Fashion and film have had a beautiful and intriguing relationship for decades. From the “Gowns By” credits in old Hollywood films to fashion legends starting their careers in costume design, the link between fashion and film is undeniable.
Of late, the connection between these two worlds has only grown stronger. Fashion designers are now stepping out from behind the scenes and into the director’s chair, bringing their unique perspectives to the big screen. Tom Ford’s debut film “A Single Man” was met with widespread critical acclaim. Agnès B., known for her chic and minimalist designs, made her directorial debut with “My Name Is Hmmm . . .” at the prestigious New York Film Festival.
Most recently, the creative geniuses behind the dreamy and whimsical brand Rodarte have added their names to the list of fashion designers turned filmmakers with their new release, “Woodshock.” With fashion and film continuing to intertwine and influence each other, it makes sense that Latoya Shaw, the stunning LØVCHLD designer, actress and artist, would add ‘filmmaker’ to her impressive resume.
Shaw’s hand-painted shoes have become a sensation across the globe, with celebrities clamoring to get their hands – or rather, their feet – on a pair. Her stunning designs have graced the red carpet and turned heads wherever they go. But it’s not just the A-listers who can enjoy her creations – in addition to custom orders, Latoya also sells unique and one-of-a-kind shoes in a range of sizes on her website, www.lovchld.com.
Parentology caught up with this rising star to discuss art, trauma, and self-preservation.
About “Love Child”
Shaw’s film, which premiered in Los Angeles on March 30th, is a 2-minute and 50-second love letter to her inner child. It’s the ultimate Haiku of filmmaking, with a lot of love, trauma and redemption packed into each frame.
“This (film) has been a long time coming,” Shaw tells Parentology. “I wrote it in 2019 as kind of a reflective piece because I realized that I was stuck in these negative holding patterns in all of my relationships, and I was basically reenacting the relationship that I saw my parents have. And the way that they interacted with me was very much how they felt about each other, whether they knew it or not.”
The film was at once an opportunity to work through her past in a way that only an artist can. Shaw emphasizes that we’re not here to be mimics of our parents, or to repeat mistakes of the past. “Being a product of being a love child, it just kind of made me not appreciate myself, I would say. And my standards of relationships were very low, and the way I saw myself was very low, and I wanted to break out of that.”
As the biracial child of a single parent, Shaw acknowledges that her parents did the best they could, and that blame is an easy answer to a very complex problem. “At first, I thought my parents didn’t like me or I didn’t like myself. And I was very resentful and full of anger,” says the Australian native. “As I continued to go deeper and deeper (into filmmaking), I realized that these are just two people that were in a situation, and they did the best that they could. Could it have been better? Yeah, sure. But also, it’s about what I do with that. I don’t want to walk into my future feeling like a victim because my parents didn’t do so.”
Based on a poem Shaw wrote, “Love Child” is a tale about triumph through adversity, and a poignant piece of work considering that the film almost didn’t make it to theaters. “I shot (Love Child) at the end of 2019. Then something tragic happened; I lost someone who was very close to me, and so I shelved the film, and I just started painting shoes,” Shaw says.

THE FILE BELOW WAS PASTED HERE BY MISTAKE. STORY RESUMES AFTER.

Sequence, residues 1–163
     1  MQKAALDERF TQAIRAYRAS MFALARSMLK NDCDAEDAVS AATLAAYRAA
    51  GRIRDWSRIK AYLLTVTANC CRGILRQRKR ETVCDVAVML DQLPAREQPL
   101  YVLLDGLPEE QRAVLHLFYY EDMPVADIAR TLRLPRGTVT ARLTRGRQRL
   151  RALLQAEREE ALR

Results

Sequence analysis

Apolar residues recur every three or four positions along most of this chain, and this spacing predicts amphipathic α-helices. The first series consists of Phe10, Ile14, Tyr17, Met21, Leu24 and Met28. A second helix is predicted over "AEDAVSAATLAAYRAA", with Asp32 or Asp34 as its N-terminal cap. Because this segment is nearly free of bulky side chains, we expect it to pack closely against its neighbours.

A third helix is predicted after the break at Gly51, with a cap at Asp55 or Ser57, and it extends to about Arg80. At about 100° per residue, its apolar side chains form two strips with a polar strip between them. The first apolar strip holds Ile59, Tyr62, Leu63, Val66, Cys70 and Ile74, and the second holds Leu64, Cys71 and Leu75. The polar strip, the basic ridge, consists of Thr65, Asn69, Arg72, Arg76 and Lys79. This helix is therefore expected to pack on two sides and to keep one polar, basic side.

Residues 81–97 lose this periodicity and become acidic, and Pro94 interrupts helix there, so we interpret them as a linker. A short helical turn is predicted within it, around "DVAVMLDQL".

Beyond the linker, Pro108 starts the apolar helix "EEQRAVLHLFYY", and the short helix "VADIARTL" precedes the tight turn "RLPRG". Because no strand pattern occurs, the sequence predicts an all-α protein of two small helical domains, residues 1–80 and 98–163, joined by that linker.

“The world was really bleak. Everything was really dark and so I started painting with really bright colors. I would say, like, I’m an abstract artist, so I was just, like, painting through a vibe of what colors went well together, layering. Kind of figuring out an aesthetic that was unique to me and all the while kind of working through my grief of my loss and then kind of dabbling in photography and taking these shoes and making them into portraits.”
As is the nature of a passionate, creative spirit, it’s a natural progression to go from fashion to film and beyond. “With the completion of the film, it’s funny because people say ‘Oh, this is a fashion brand’. And I feel like it’s more of an artist brand, because I’m a conceptual artist. I’m taking a deep dive into the key philosophies or things that I’ve learned throughout my life, and then I’m exhibiting them in different ways, whether that be through writing, film, photography, painting, and blending this whole vision of what was and how I want to make my life.”
The Future is Bright (and Colorful)
Not one to slow down, Shaw has big plans for her shoe line, which not only includes painting, but creating her own canvas as well. “Now what I want to start doing is making my own shoes and really creating a world where I can play with design and texture and form, just like these things that I think would enrich what I’m trying to say,” Shaw says.
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Designers who make the leap to film often do so with varying degrees of success. The root of Shaw’s success, however, lies in the healing process and the degree to which she has emerged stronger, fiercer and more driven than ever.
“I want (audiences) to understand that they are not limited by their past experiences,” Shaw says. “I passionately want to encourage people to accept the disappointments of life, but also understand that life helps you grow in these ways. You can add more beauty to the world as opposed to just living in the shadow of disappointment and anger and resentment.”
“That little girl in me that always felt like I didn’t belong and that I should be mad about that. But everyone has a place. If you’re here, you belong here. And do something beautiful with that.”